She stood no chance of relaxing now, up above the cove. Where were those coastguards? When would that lifeboat arrive? Stress rose in Samia like a powerful currant. Was she about to see two people die? She paced the grassy clifftop on another fruitless search for some way down. A red-billed chough soared by on glossy black wings; according to legend it was King Arthur reborn. On the horizon sea and sky appeared to merge. Both were blue as a peacock's neck. Please, let one yield a lifeboat or the other a helicopter. She didn't consider herself devout but now sent up a silent plea. Dry earth crunched under her soles, then grass brushed her ankles. Remembering Noor she felt inadiquate by comparison.
At last, a blob of bright orange appeared further down the coast. It quickly became a lifeboat with a wake of bright foam. Those children waved frantically, hands slicing air. As the boat entered the cove it rose up and dipped down, because strong currants flowed across the entrance creating waves. Behind it, azure crests healed quickly. Samia felt glad that she wasn't on board or she might've lost her dinner. Respect for those who were out there swelled in her breast, like updrafts used by soaring birds.
The lifeboat made shallow water and halted near fissured cliffs. Two helmeted people scrambled out of it, wading thigh deep to get ashore. From high above Samia watched as they each lifted a girl, then carried them back to their craft. As foaming sea got deeper wading became harder, but they deposited both children in the lifeboat before climbing in after them. No words were enough to describe the depths of Samia's relief. Sweat dripped off her nose and long fingers trembled. Only now did she realise her feet felt sore. She had been on coastal walks with her parents, but that was years ago and she was out of practice.
The lifeboat turned and left the cove, an orange wave-cutter. Samia began walking back the way she had come, sounds of breaking waves in her ears. She met another walker and asked for directions to the lifeboat station, which he gave her. That raven glided behind her, and his tail was wedge-shaped; a black diamond in mid-air. Cirrus clouds spread like a giant sky fan. It was a pity that dozy waitress wasn't here or she might've learned what real work was about.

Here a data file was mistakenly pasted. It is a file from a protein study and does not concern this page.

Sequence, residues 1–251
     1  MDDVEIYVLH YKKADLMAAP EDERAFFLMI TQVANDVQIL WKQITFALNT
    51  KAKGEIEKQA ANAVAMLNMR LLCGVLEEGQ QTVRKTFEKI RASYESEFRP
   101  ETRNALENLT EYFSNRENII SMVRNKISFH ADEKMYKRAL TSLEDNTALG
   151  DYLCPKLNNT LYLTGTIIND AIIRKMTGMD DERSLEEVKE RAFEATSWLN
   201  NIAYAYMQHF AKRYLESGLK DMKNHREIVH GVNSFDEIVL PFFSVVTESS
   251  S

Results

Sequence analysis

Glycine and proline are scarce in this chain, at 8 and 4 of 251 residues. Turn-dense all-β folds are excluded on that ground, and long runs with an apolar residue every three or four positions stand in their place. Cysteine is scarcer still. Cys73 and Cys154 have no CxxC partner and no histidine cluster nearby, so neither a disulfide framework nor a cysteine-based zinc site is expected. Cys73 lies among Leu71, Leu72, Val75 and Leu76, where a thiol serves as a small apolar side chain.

The barrel-roofed lifeboat station sat atop a slipway. How many times had it been a processional way? How often the route of a funeral march? When Samia arrived the sleek fibreglass boat had already landed. Figures in yellow dry suits and scarlet lifejackets attended those two girls, bringing coffee, asking gentle questions. Seeing that the worst was over, the author stepped over spilt ice-cream and approached a group of crewmen. One of their number looked very young under a white helmet. Had she seen him before? She couldn't think where.
"Hello, my name's Samia and it was me who rang the coastguard about these girls. I thought I should check that they're all right now."
One of the crew replied "they're both okay physically, thanks for asking. They're a bit shaken up emotionally but that'll pass. Both sets of parents know they've been rescued, and they're on their way here."
"I'm glad to hear it," said Samia, then she recounted how she had come to be on the clifftop. Engines of cars and cries of gulls accompanied her. A toddler howled, making Samia glad she wasn't a parent.
One of the children approached that young-looking crew member and said "thank you very much for carrying me to your boat."
It was a female voice which replied saying "all part of the service Amy."
Then Samia knew where she'd seen that face before; on the girl in the cafe, she who had been engrossed in her phone.
"You did a great job today," Samia told the young woman. "I take my hat off to you... sorry, what's your name?"
"Freya," said the younger woman whilst removing her headgear.
"Why did you join the lifeboat? Was your Dad on the crew?"
"Mum was," Freya replied. "She was the first woman on our local crew. She's retired but I'm carrying on the family tradition."
A look of recognition crossed Freya's face. "You were in our cafe earlier weren't you," she said. "I'm sorry if I ignored you, but Amy's parents came in asking if anyone had seen her. Of course we hadn't had your call yet, but I thought I should check if I'd missed something on my phone."
As sunshine faded behind a small cloud, the writer recalled that couple who had walked away from the café, evidently fretting over something. She looked at Amy and spotted a resemblance between her and the woman - of course, they were mother and daughter.
In terms of appearence Freya and Samia were as different as marsh and desert, but that didn't matter now. The writer replied - with a smile - "that's all right now, you've done more than enough to make up for it."
Out in the sunny harbour, pleasure craft sat moored in rows. White masts pointed gull-wards.
Last edited by IanG; 05-03-2018 at 03:10 AM..